Richmond Valley, 1949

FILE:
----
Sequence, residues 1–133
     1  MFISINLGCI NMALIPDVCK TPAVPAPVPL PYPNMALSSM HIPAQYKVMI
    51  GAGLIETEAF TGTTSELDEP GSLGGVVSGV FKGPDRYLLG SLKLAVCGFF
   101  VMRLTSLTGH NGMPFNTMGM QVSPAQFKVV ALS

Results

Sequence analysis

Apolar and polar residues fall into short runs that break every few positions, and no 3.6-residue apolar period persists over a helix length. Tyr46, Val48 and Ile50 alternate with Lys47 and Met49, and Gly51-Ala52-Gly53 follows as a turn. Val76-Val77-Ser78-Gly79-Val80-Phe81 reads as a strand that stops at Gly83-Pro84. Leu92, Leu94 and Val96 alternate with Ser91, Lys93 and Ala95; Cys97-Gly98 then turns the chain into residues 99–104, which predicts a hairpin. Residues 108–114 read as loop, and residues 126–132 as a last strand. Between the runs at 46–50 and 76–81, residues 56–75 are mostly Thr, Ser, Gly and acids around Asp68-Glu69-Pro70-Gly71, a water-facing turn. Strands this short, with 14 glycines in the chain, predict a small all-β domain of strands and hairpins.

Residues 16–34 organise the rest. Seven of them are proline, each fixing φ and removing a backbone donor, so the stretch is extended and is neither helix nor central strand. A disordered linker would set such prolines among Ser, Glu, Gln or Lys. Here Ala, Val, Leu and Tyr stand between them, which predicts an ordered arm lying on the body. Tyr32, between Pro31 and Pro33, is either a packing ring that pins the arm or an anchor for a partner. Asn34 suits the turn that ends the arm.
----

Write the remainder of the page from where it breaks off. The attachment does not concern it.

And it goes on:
Now Stella was in this new place of waterways, crops, swampy lands and flood plains. Her eyes glazed over at the greenery, the brimming rivers and the concentration required for the undulating, twisting roads. She drove past fluffy trees with bushy crowns and papery bark and a sign that advertised the selling of tea-tree oil. She pressed the brake pedal and pulled the station wagon to the edge of the road, slowing to a stop. In the shade of a proud tree, she dug in the soil, squeezing the earth until it gummed together in her palms. She looked back towards the hills and the spring haze that blurred the scene in a whitish mist and breathed in hot, moist air. It was seven years since she’d left to go inland. Stella supposed the eastern coast hadn’t changed much in her absence. She was the one altered. Her mind and body would forever remain braced for the dry, hot winds of the past, for the bulging dust storms that sought out man and beast, and the emptiness of that old life.